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Discussion Starter #1 (Edited)
Feel free to add to this.

I have noticed that alot of people are having issues with batteries, eg. dying prematurely, drainage, how to install ect,ect. I am not an expert in this field but I will add my two lincolns for any insight. First of all if you purchase a new motorcycle battery I believe it tells you that the battery needs to be charged before use, they are not ready to go like a car battery, technically a car battery needs to be charged to but since the AH rating and reserve capacity is much higher than a motorcycle battery it will start your car. Anyways, new batteries...charge them. Now an easy method to check for a draw on quads with fuse panels... remove the + batt. terminal connect a test light or a multimeter set to amps to the + wire and stick the point to the + batt terminal if the test light is glowing or the meter is reading anything other than zero then there is a draw, start pulling fuses one at a time until the light goes out, once it does check to see what the fuse operates, chances are that the culprit will more than likely be a accessory port (cigarette lighter) or a corroded headlamp bulb socket, because we all never ride our quads in the mud,water or snow. the last thing I would like to mention is cleanliness: make sure your terminals are all cleaned and sealed (die-electric grease) then pick yourself up a can of battery terminal cleaner, the yellow foaming spray that turns pink when it comes in contact with acid. spray the entire battery let it set for a few min and spray it off with water. before you do that heres a test to prove a battery will draw itself down. get your trusty multimeter out select the proper voltage for your battery now clip the ground lead to the - battery terminal then take the positive meter lead touch the battery + then touch the top of the DIRTY battery by the + post slide the meter lead towards the - terminal I think you will be amazed that the top of your battery is carrying voltage. Cleaning will not totally eliminate this but it will help a great deal. Feel free to add anything to this for I know I haven't covered everything. I hope this helps out

ADDED:Also guys if you are charging your battery make sure you unhook it from your quad. power surges and spikes are not good for you bikes electrical system, jumping is fine just don't switch it to the 200 amp boost setting you may burn up a starter or solenoid.
 

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Agreed, great post Moose.
 

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Discussion Starter #6
No bake chocolate oatmeal cookies please..(otherwise known as preacher cookies) my fav. as for the star I'm giving it to you Saber for showing up to class today...
 

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Copy that on the "PREACHER COOKIES" I will sent chocolate chip. Thanks for the star.. it was a delectable treat.
 

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There are many things that KILL any battery. BUT...One thing that kills more batteries than people realise is, Over-charging. And being winter is upon us means a few of us take the batteries out of our ATV's and put them on a charger.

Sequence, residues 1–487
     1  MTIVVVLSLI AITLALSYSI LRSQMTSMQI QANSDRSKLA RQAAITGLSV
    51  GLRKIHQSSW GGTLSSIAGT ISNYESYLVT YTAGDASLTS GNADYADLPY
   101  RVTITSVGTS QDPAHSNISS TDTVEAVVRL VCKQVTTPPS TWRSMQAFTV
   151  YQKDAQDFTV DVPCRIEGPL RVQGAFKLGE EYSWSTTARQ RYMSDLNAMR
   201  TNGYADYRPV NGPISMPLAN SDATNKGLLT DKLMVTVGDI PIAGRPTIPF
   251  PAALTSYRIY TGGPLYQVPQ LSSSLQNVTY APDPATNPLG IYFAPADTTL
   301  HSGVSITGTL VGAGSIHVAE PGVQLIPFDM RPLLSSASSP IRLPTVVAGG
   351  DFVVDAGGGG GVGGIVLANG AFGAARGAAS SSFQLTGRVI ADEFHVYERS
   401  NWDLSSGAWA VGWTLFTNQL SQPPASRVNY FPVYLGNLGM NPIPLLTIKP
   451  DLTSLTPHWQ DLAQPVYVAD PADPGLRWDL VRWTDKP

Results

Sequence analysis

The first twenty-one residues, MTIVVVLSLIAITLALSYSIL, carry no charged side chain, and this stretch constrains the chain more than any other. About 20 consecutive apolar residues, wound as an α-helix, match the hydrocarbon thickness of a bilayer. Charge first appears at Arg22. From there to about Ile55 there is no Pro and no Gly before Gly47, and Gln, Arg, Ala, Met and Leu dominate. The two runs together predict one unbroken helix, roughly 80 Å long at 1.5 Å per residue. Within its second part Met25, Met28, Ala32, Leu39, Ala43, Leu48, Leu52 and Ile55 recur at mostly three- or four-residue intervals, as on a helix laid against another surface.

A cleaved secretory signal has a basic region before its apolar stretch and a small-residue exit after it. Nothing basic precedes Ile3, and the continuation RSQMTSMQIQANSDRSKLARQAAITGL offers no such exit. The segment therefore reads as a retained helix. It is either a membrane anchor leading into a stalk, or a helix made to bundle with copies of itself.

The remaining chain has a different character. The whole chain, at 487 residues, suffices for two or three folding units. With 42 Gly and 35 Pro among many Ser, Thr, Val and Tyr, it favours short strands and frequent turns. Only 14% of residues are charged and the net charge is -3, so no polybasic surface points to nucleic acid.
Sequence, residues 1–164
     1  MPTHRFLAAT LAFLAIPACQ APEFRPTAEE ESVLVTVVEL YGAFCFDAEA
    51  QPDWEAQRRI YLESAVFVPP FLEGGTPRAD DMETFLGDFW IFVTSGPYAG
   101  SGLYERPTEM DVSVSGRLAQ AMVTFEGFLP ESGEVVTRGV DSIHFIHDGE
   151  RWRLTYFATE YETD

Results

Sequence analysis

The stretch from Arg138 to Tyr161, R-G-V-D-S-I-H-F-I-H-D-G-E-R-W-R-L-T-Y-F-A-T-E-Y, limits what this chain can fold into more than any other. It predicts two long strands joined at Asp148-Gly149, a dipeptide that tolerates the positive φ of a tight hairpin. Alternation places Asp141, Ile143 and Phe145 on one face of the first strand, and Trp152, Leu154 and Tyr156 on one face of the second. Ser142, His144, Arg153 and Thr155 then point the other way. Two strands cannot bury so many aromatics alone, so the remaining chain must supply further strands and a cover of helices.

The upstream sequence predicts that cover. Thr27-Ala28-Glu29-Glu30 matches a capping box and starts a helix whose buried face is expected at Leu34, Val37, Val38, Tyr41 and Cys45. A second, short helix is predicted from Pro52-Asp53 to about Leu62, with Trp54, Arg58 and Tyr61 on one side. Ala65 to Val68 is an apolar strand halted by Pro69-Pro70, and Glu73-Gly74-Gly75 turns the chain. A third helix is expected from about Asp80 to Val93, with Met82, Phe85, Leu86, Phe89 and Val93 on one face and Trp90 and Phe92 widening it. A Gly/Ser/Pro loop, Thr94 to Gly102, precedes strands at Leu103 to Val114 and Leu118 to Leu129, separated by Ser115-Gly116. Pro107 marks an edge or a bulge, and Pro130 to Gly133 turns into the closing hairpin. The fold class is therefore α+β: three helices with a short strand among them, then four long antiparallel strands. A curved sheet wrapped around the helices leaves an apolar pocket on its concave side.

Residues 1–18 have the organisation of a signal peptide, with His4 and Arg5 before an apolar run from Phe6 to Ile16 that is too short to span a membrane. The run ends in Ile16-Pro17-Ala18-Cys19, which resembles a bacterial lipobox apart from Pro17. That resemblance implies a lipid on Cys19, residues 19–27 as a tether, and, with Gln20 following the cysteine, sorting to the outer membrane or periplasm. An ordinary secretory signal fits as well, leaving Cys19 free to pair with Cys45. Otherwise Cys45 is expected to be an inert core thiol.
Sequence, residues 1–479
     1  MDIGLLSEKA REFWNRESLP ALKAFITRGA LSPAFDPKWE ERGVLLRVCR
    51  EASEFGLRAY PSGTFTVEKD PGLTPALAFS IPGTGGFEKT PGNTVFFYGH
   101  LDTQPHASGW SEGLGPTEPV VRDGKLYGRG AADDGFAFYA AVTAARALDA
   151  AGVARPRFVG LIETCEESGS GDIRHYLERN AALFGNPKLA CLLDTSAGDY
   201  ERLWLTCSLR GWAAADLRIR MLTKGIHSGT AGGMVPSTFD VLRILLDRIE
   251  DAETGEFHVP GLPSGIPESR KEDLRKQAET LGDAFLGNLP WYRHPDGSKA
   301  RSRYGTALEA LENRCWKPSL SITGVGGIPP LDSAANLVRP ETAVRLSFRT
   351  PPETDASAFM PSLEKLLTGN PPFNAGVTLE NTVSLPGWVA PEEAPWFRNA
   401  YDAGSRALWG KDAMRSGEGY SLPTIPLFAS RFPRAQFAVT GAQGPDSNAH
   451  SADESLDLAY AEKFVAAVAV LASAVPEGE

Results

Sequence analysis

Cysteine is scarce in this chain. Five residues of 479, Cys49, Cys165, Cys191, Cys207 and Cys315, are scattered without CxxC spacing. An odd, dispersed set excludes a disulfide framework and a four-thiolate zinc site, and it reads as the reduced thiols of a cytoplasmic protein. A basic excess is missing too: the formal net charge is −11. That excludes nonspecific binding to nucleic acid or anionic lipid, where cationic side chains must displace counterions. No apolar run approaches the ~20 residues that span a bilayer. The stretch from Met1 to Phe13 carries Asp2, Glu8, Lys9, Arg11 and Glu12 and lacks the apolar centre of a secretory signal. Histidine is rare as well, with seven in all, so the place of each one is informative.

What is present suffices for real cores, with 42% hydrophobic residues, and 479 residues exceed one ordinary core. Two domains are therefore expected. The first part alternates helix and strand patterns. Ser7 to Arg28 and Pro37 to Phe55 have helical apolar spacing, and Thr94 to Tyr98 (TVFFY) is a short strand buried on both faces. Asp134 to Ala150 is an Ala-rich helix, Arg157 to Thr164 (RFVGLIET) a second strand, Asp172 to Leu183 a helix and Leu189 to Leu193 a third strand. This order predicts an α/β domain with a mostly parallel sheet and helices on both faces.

If you do this? Make sure you have the battery cells filled up (and the Battery Manufacturers say not to use more acid to do this) Use distilled water unless there is some other type of water the Manufacturer of your battery specifically says you should use. The distilled water I said to use is what I've always used, it doesn't mean it's the best or only thing to use. The way times change, there may be something newer and better. I don't know?
This is just what I use.

A battery minder Grouser pointed out should have these two features. The first being a trickle charge type charger (gives the battery a very slow charge which is the best charge for a battery) The second feature is make sure the charger has newer technology that will shut off any charging once the battery is completely charged. If the charger you use does not have this feature? Means it will over-charge your battery and render it useless.

One Charger that has been around for a while and meets these charging requirements is called a "Battery Tender". They cost around $30.00 for their cheap model (I would spend a little more to get something that will last you), all you need to do is plug your Battery Tender in, and then go check the battery once in a while to make sure the cells are up to the level they are supposed to be. It's that simple! If the charge goes down while the Tender is attached? The charger will automatically turn itself back on, charge the battery, and turn itself off again.

Even if you don't remove the battery from your ATV (when charging acid fumes and a little acid does leak. So if you don't want this on or near your ATV? Remove the battery and put it someplace safe and dry when it is charging) Most chargers come with a small plug-in adaptor that attaches to the battery terminals and hooks back into the charger itself. So you can leave the battery in place, and use the plug-in pigtail to maintain the charge when the ATV isn't in use.

These are a few ways I keep the batteries in my equipment and just about everything else I own in good shape. If we take care of the battery? The battery won't let us down when we need it. Usually :>)
 
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